A good secret is hard to keep and for Yonex, the secret to updating their VCore Pro line was too good to hold back on. Having updated the line just last year, 2019 brings a new revision to the VCore Pro line. Sporting an impressive new matte green and gold paint scheme, Yonex also brings some new tech to the fold. Vibration Dampening Mesh is now bonded with the graphite under the grip, resulting in a 30% reduction in vibration. Yonex’s Namd material carries over for enhanced flexibility and response. The Lock Booster System grommet design is also utilized again to promote string contact for increased spin and energy transfer. Being a fan of as much feel as possible in racquets, I was excited to test out this new update from Yonex on court.
The VCore Pro 310 showcased its controlled nature off the ground. The 20 mm beam and 11.5 oz strung weight combined to offer a power level that I found easy to control from either side. Against big hitters, I found myself wishing for a little more juice off the ground so that I could dictate a little more during rallies. The headlight balance made it easy to generate racquet head speed and squeeze as much pace as possible out of my groundstrokes. The sweet spot felt on par with other 97s, not massive but also not unforgiving. The Isometric head shape also seemed to help open the top of the hoop a bit more, which was a positive as I tend to contact the ball high on the string bed. Directional control was the major highlight of groundstrokes with the frame. The thin beam and high maneuverability gave me exceptional directional accuracy. I was able to consistently pick aggressive targets and attack the lines during points. Spin production was solid from the 16 x 19 pattern. The racquet was easy to whip through contact and generate the necessary margin as needed. I enjoyed the easy lift on the ball I was able to get on my backhand side especially as I hit a pretty flat shot on that side. The racquet struggled a little bit defensively and I would have preferred a bit more mass in the head to help with stability against heavy hitters. The flip side was that when I was stretched out on defensive, it was a breeze to flick shots back thanks to the speedy nature the frame had.
Volleys & Serves
The classic attributes of the VCore Pro 310 started to shine through in net play. The controlled power level allowed me to attack volleys and make quick work of anything left up for me. I never worried about over cooking a volley, the frame simply put the ball wherever I asked it to. The inherent accuracy was also a lot of fun to leverage at the net. I was able to carve out nasty angles and direct volleys deep into the corners, putting opponents on the run. The soft flex of the frame also helped with touch volleys although the new version felt a little more muted and at times, I felt a little too disconnected from the ball. The racquet’s fast reflexes allowed me to fight off a lot off body shots, but I would have liked a bit more mass in the head to add a touch more stability when redirecting big shots at the net. Overall, the more I kept an aggressive mindset at net, the more I was rewarded using the VCore Pro.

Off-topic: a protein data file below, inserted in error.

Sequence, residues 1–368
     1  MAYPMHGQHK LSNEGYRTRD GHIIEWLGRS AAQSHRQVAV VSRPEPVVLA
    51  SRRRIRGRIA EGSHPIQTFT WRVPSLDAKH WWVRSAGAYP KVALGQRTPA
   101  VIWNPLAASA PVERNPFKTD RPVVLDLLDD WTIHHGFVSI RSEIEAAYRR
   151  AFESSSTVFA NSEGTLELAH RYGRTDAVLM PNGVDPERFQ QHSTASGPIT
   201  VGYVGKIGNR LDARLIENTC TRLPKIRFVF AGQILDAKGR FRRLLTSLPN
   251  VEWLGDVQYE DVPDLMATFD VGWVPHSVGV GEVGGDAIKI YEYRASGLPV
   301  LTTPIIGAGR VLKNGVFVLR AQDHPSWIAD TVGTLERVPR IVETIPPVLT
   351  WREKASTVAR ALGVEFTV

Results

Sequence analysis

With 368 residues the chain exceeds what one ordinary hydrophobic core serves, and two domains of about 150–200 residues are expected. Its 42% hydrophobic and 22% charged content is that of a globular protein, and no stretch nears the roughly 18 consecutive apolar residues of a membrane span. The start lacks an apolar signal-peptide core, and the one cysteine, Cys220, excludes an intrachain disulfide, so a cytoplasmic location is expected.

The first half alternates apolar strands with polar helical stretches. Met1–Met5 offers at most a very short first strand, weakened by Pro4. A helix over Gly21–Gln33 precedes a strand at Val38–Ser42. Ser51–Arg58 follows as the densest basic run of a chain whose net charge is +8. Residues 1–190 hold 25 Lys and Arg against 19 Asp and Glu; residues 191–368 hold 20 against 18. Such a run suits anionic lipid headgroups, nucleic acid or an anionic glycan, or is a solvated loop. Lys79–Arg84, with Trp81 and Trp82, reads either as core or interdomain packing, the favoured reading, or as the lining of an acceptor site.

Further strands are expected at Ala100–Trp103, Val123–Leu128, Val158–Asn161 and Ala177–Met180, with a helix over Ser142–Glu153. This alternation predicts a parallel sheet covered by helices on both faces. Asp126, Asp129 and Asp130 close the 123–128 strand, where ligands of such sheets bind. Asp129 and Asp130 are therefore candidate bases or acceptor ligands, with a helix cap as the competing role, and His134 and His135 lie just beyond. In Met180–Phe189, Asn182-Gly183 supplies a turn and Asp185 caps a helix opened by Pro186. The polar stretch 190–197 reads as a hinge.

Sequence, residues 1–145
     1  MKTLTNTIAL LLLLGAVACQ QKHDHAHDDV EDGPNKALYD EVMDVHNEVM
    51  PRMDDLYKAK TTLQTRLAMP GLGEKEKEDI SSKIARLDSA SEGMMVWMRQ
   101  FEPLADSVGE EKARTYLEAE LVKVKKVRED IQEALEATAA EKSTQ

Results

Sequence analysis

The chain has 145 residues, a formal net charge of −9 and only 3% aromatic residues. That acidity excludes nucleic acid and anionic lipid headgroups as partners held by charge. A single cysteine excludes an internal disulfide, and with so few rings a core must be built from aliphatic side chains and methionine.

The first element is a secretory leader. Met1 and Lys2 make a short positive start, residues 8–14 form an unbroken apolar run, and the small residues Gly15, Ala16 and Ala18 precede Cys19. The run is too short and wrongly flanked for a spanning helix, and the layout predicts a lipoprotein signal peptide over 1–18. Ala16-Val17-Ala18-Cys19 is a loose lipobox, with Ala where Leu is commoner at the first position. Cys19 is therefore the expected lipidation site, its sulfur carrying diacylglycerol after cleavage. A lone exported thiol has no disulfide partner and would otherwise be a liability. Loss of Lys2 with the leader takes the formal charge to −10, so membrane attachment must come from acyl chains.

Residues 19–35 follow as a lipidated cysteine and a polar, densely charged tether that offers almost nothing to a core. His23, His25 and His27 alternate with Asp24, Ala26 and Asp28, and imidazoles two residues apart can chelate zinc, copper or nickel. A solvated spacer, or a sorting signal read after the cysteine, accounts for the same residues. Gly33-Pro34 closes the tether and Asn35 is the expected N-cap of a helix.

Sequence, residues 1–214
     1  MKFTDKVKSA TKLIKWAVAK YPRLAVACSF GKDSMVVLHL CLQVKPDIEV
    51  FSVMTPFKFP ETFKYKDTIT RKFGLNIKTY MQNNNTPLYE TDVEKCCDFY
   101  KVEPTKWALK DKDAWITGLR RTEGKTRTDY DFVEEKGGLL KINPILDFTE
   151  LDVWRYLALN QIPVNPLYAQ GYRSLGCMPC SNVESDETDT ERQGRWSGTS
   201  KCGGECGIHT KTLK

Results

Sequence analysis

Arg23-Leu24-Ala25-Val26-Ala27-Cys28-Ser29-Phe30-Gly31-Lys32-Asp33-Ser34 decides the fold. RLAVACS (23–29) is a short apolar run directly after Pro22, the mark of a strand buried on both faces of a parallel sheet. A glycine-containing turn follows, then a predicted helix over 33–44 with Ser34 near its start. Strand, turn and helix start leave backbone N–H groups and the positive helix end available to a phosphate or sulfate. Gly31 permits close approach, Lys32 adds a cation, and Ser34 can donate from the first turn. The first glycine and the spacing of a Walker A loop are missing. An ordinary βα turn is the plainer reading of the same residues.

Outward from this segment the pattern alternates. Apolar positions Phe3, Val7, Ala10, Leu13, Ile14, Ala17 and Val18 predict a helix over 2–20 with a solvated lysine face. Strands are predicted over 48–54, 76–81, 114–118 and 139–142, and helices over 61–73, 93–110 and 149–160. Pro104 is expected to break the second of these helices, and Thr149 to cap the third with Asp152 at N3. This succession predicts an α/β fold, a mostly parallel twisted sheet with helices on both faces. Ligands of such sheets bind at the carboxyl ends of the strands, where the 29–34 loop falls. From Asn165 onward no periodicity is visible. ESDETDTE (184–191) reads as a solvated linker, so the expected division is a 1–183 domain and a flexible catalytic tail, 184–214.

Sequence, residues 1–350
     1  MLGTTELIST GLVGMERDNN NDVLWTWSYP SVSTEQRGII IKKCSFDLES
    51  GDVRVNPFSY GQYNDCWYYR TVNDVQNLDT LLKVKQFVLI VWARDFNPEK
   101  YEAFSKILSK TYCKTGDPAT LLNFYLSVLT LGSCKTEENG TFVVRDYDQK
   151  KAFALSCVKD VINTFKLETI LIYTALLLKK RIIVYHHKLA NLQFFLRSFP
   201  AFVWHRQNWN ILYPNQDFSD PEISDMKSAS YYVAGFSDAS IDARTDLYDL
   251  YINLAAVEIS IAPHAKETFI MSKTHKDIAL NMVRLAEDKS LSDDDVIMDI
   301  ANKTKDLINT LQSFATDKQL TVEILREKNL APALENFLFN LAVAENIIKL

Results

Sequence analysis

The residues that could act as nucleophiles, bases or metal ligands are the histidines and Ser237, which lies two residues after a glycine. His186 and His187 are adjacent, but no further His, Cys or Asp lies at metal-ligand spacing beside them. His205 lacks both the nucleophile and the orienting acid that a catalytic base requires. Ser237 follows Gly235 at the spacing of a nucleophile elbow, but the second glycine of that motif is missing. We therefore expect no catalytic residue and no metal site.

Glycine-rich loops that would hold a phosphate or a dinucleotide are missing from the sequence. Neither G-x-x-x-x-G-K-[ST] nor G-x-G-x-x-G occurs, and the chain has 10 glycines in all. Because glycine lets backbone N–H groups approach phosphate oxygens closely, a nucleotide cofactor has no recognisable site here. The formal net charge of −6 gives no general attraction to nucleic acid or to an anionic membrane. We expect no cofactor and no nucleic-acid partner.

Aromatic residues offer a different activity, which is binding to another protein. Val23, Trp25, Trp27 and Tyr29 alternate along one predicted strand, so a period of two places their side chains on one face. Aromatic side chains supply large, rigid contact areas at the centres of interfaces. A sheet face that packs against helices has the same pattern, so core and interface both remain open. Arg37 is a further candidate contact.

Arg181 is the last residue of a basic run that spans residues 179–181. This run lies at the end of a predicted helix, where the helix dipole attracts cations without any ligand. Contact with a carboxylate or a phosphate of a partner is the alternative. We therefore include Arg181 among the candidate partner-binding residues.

Versatility was the first word that came to mind when I thought about serving with the new VCore Pro 310. It had a big toolkit of options for me to choose from when serving. The easy acceleration made it incredibly easy to ramp up the pace on big first serves. While it lacked some of the court penetration of heavier frames, I still found enough speed to snag some free points. Much like ground strokes, the accuracy of the frame was a huge positive on serve. I was able to target the corners and consistently shift my serve placement with ease. The fast feel and spin friendly nature also paid off on second serves. I was able to get my kick serve to jump off the court and make returners uncomfortable. Slice serves stayed low and my ad side slice serve proved incredibly effective at opening the court and shortening points.
Feel was the department where the update from last year’s VCore Pro to this new model was most evident. The VDM material integrated into the handle provided a noticeable increase in vibration absorption. The racquet had a more muted feel than the previous version on contact. While this was a general positive, there were some times where I wanted a bit more direct feedback in order to really feel like I was connected to the ball. The dampening material and lower 60s flex gave the racquet plenty of ball pocketing and I felt like I was able to hold the ball on shots for a long time, forcing opponents to guess on directions. Even strung with full poly, the racquet was very comfortable and had consistent feel across the string bed. Off center shots had not negative increase in feedback and the racquet should be easy to use for any player concerned with comfort.
Yonex has an update to the VCore Pro line worth talking about. The racquet offers an impressive blend of controlled power, accessible spin and comfortable feel. Its easy maneuverability and strong accuracy should suit attacking players who want to control shot placement. The Yonex VCore Pro 97 310 is a strong choice for players looking for a frame that can spot the ball anywhere on court while playing with a responsive and comfortable feel.
About the Reviewer: Matt Locke formerly served for 3 years as the Junior Programs & Development Coordinator for USTA-Idaho. He is a PTR certified coach and is an active USTA 4.5 League and Tournament player.